Johnson said he learned of the assignment shortly after Labor Day. He called 30 Braves game this year and a handful of national games for TBS. "I had no real expectation," Johnson said. "I was perfectly content if the postseason came along and I was back in the studio with
Like Caray, Johnson is the son of a broadcaster and grew up around baseball.
"I can't get into what the thinking was by the folks at Turner into putting me in this position," Johnson said. "All I can speak to is my approach to my work. I go back to tagging along with my dad to the ballpark as a kid and watching him do Braves games. His outlook was always, 'The game is thing. The announcer is not the story.' It was never, 'This is Ernie Johnson doing baseball. It was, 'This is Braves baseball and I am lucky enough to be the guy calling the game.'
"I've felt that way throughout all my years at Turner," Johnson continued. "It's all about knowing your role. On the basketball show, my role is about getting
Four years ago,
Asked how long he would like this new gig, Johnson said: "For me to look ahead that far is to be very presumptuous. I've always told the folks at Turner that I would do whatever they wanted me to do."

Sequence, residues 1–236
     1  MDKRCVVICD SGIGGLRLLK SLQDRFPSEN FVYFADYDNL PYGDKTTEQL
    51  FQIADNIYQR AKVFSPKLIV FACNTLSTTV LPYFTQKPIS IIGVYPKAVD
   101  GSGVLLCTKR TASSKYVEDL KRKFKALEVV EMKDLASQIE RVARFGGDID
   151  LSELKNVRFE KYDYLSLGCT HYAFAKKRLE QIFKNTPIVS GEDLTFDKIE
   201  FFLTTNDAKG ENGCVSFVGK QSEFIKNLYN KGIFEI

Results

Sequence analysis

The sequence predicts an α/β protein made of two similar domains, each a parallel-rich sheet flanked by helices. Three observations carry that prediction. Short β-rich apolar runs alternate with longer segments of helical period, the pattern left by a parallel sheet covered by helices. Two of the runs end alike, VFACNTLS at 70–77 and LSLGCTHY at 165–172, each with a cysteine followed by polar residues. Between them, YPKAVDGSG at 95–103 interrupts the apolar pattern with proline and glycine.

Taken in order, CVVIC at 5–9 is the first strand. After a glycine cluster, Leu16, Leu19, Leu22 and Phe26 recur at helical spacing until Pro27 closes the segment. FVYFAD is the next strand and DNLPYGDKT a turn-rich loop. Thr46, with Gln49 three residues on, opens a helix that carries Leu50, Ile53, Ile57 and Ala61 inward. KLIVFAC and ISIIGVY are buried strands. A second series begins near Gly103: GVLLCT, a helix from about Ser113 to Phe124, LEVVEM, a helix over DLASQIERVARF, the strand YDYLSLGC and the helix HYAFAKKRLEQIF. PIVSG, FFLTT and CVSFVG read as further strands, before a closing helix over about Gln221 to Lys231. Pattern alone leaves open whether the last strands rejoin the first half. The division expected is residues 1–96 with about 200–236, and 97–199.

Though he would not put any specific years on it, Behnke said that he sees Johnson as the "long-term" baseball broadcaster for TBS. "We have the package for another four years," Behnke said. "I'm not going to say someone will do a job for this many years, but we went into this knowing that we wanted to make a decision for the long term."
Over the past year, actor
"I wanted to see what the vibe was like in the control room," said Duhamel, whose athletic credentials include playing quarterback for the NAIA school Minot State University in Minot, N.D., in the mid-1990s. "Was it a bunch of techies who did not talk and simply said stuff like, 'Go to Camera 2'? But it turns out these guys were a lot of fun. They were pranksters who ripped each other back and forth and made fun of things, whether it was each other or the players or people in the stands. It was fun."
Duhamel is a bit of an obsessive about sports, especially the Twins and Vikings. He said he watches ESPNews constantly, especially when his wife,
"If the Heat think they are going to waltz through the East, they have another thing coming," Duhamel said. "LeBron is an amazing talent, but just the way he left Cleveland, I thought, 'Who is advising this kid?' I don't think he is a bad person at all, but it kind of sickened me a little bit. So therefore I would like to see them not make the playoffs, but I know that's not going to happen."
• "Major League Baseball is taking a backseat to NFL (which is expected) and exhibition NBA play (unexpected). Bring back steroids please."
• "Someone in Bristol should be knee capped for this:
• "Things the #Bills aren't good at: 1) tackling, 2) covering, 3) throwing, 4) running, 5) blocking. Am I missing anything?"